Monday, 20 July 2009

Arse-periment with Pumpkin

Step one: Get a whole pumpkin
Step two: Put it in the oven.
Step three: Eat tasty soups.

Well, kinda.

I read a cool recipe like this in Animal, Vegetable, Miracle a few months back, and wanted to try it out. But I hadn't remembered it, so I made it up.

I sauteed leek and garlic in olive oil, with thyme, rosemary and bay leaves. While this cooked, I took the top off the little pumpkin (would have been less than 2k, just) and removed the seeds. There wasn't much room in there, so I scraped out some of the flesh and threw it in with the leeks. I added chicken stock to the leeks too, and warmed it. And there was a spare potato lying around, so that was thinly sliced and tossed in too.
I poured the stock mix into the shell, put the pumpkin on a tray, and put it in the oven for about 2 hours. It held up very nicely. Oozed a fair bit of sugar, which went black and sticky. I stirred it a fair bit. The liquid was never boiling, but was always warm. The flesh began to soften enough to scoop into the soup after about an hour.
The resulting soup was lumpy, sure, but quite tasty. I didn't feel like blending it. I threw some roughly chopped rocket over it for token green (and I have an absolute surfeit of paving rocket at the moment). It was nice with bread and butter.

I came back to the left overs about an hour later. The skin peeled back from the remaining flesh very easily. I sliced it into wedges, and scooped it into containers. I now have lots of tasty roast pumpkin flesh, and no idea what to do with it!

The original recipe is here, and I think I'd like to try this way next time. Sounds like a tasty soup too.

Sunday, 5 July 2009

Waking up next to St. Stephany

Slavic blogfollow this Rob (I think the time difference works for you

Poached Eggs with yoghurt and garlic sauce

4 eggs
2 tbl butter
2 tbl parsley
3 cloves of garlic
pinch of salt
2 tbl chives
500g yoghurt

Pound garlic and salt in a mortar and pestle, mix with yoghurt and chopped chives.

Poach the eggs and drain on kitchen paper

Melt the butter and fry the parsley briefly in a frypan, pour over eggs and serve immediately.

Man its the ONLY way to wake up on sunday afternoon

Wednesday, 1 July 2009

Morrocan student food - Kefta Mkaouara

Holly crap, I turn my back and all of a sudden there are MILLIONS of activity on my old dead blog...WTF

Anyway, its awesome. I just did my first dinner here (my friends are all drinkers and lovers not eaters and fighters). Cooked morocain, and im looking forward to cooking more for people here. Man I miss it.

Anyway, this is something that was described to me sitting on the floor of a carpet shop in Morocco as what he used to cook when he was a poor student. In the end I managed to have it for lunch on the side of a oasis in the desert watching arab kids jump from the palm trees into the pool.


Moroccan Meatball Tagine called Kefta Mkaouara or Kefta Mkawra. Well-seasoned meatballs are cooked in a spicy tomato sauce. Eggs are an optional but classic addition to the dish.


----- For the Kefta Meatballs -----
  • 1 lb. (about 1/2 kg) ground beef or lamb (or a combination of the two)
  • 1 medium onion, chopped very fine
  • 2 teaspoons paprika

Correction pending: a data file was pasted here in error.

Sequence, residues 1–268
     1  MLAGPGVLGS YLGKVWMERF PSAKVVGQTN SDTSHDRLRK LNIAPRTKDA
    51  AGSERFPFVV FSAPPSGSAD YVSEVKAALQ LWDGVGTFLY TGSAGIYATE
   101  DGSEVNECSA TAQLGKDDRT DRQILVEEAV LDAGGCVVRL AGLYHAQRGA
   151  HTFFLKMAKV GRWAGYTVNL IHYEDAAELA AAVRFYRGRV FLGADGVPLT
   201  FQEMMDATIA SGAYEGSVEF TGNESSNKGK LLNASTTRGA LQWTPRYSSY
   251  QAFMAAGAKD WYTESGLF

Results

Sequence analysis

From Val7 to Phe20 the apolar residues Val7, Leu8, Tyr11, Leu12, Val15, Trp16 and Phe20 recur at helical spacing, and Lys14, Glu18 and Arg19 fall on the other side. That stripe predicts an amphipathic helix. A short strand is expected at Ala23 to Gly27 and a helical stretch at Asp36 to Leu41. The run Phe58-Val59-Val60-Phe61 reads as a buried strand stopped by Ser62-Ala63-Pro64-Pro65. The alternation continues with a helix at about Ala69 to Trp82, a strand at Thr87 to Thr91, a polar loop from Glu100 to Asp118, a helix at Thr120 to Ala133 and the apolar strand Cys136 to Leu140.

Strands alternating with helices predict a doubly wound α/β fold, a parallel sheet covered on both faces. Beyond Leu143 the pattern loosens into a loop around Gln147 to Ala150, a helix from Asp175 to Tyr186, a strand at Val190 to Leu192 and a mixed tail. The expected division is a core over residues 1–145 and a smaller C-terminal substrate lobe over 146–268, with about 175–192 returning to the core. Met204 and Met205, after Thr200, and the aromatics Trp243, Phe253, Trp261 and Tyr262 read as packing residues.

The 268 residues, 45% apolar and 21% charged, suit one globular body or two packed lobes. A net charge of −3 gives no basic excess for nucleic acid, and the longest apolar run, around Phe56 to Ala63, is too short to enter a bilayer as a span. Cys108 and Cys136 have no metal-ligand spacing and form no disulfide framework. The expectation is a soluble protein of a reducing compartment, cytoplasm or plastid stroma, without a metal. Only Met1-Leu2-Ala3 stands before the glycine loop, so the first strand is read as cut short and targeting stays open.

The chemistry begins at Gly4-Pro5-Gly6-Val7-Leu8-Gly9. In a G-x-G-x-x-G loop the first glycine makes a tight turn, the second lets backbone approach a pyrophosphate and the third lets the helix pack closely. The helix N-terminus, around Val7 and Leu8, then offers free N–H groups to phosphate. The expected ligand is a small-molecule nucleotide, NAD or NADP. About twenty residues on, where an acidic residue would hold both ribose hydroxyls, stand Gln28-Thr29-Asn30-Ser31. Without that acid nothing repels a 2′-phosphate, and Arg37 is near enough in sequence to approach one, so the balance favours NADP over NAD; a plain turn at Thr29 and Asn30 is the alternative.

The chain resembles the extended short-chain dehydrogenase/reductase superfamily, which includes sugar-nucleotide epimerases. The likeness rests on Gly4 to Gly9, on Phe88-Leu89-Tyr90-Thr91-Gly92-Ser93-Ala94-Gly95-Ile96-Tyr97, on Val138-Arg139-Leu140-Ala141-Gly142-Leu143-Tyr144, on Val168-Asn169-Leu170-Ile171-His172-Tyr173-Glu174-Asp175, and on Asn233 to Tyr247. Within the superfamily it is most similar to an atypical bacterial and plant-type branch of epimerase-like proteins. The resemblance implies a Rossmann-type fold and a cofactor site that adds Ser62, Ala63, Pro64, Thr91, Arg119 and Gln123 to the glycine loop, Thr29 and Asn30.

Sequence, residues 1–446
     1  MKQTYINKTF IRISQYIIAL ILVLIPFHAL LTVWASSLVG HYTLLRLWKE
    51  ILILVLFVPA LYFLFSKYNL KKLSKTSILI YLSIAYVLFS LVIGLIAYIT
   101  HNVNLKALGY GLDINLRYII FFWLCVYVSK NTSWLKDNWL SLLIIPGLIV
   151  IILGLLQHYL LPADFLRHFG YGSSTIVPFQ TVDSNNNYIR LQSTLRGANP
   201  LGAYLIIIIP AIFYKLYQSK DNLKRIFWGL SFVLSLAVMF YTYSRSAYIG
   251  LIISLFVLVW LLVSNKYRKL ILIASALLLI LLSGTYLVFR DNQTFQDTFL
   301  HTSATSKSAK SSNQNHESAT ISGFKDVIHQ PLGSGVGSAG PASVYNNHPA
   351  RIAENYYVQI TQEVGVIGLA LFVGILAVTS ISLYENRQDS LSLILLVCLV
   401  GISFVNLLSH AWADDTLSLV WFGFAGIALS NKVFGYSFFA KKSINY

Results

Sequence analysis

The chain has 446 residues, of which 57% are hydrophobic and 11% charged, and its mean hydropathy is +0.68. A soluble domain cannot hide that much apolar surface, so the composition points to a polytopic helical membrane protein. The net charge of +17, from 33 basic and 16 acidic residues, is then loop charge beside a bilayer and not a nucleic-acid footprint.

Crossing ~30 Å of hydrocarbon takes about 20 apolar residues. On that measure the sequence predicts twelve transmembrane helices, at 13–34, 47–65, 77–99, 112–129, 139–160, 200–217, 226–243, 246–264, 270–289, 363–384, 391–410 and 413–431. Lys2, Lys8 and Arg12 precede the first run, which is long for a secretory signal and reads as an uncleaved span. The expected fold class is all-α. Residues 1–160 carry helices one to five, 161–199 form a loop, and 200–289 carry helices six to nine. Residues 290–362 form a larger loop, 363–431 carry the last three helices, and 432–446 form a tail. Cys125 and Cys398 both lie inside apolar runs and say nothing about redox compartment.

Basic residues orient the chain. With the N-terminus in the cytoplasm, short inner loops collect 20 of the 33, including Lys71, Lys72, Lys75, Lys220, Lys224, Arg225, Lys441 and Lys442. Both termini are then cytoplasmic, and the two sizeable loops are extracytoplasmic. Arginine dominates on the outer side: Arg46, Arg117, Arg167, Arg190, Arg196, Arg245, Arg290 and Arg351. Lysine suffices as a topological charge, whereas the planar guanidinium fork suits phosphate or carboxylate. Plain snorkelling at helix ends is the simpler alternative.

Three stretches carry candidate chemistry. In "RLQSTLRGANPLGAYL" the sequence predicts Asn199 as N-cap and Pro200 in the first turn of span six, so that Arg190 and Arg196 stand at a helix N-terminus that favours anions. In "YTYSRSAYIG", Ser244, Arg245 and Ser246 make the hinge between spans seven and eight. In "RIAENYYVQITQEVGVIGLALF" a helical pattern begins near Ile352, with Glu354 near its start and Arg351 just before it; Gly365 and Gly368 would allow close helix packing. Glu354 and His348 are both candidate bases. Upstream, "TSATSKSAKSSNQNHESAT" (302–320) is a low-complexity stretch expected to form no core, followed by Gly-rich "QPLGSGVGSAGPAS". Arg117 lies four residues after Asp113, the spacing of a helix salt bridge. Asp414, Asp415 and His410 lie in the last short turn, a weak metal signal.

• 1 teaspoon cumin
  • 1 teaspoon salt
  • 1/2 teaspoon ground cinnamon (optional)
  • 1/4 teaspoon pepper
  • 1/4 teaspoon hot paprika (or 1/8 teaspoon ground hot pepper)
  • 1/4 cup chopped fresh parsley
  • 1/4 cup chopped fresh coriander (cilantro)
----- For the Tomato Sauce -----
  • 2 lbs. (about 1 kg) fresh, ripe tomatoes
  • 1 medium onion, very finely chopped (optional)
  • 1 1/2 teaspoons paprika
  • 1 1/2 teaspoons cumin
  • 1 1/2 teaspoons salt
  • 1/2 teaspoon hot paprika or 1/4 teaspoon ground hot pepper
  • 3 tablespoons finely chopped fresh parsley
  • 3 tablespoons finely chopped fresh coriander (cilantro)
  • 3 cloves garlic, pressed
  • 1/3 cup olive oil
  • ---------------------------------
  • 3 or 4 eggs (optional)

Start Cooking the Tomato Sauce

Peel, seed and chop the tomatoes OR cut the tomatoes in half, seed them and grate them.

Mix the tomatoes, onions (if using) and the rest of the sauce ingredients in the base of a tagine or in a large, deep skillet. Cover, and bring to a simmer over medium heat. (Note: If using a tagine, place a diffuser between the tagine and burner, and allow 10 to 15 minutes for the tomato sauce to reach a simmer.)

Once simmering, reduce the heat to medium-low, just enough heat to maintain the simmer but low enough to avoid scorching. Allow the sauce to cook for 15 to 20 minutes before adding the meatballs.

Make the Kefta Meatballs

Combine all of the kefta ingredients, using your hands to knead in the spices and herbs. Shape the kefta mixture into very small meatballs the size of large cherries – about 3/4 inch in diameter.

Add the meatballs to the tomato sauce, along with a little water – 1/4 cup (60 ml) is usually sufficient – and cover. Cook for about 40 minutes, or until the sauce is thick.

Break the eggs over the top of the meatballs, and cover. Cook for an additional 7 to 10 minutes, until the egg whites are solid and the yolks are partially set. Serve immediately.

Kefta Mkaouara is traditionally served from the same dish in which it was prepared, with each person using crusty Moroccan bread for scooping up the meatballs from his own side of the dish.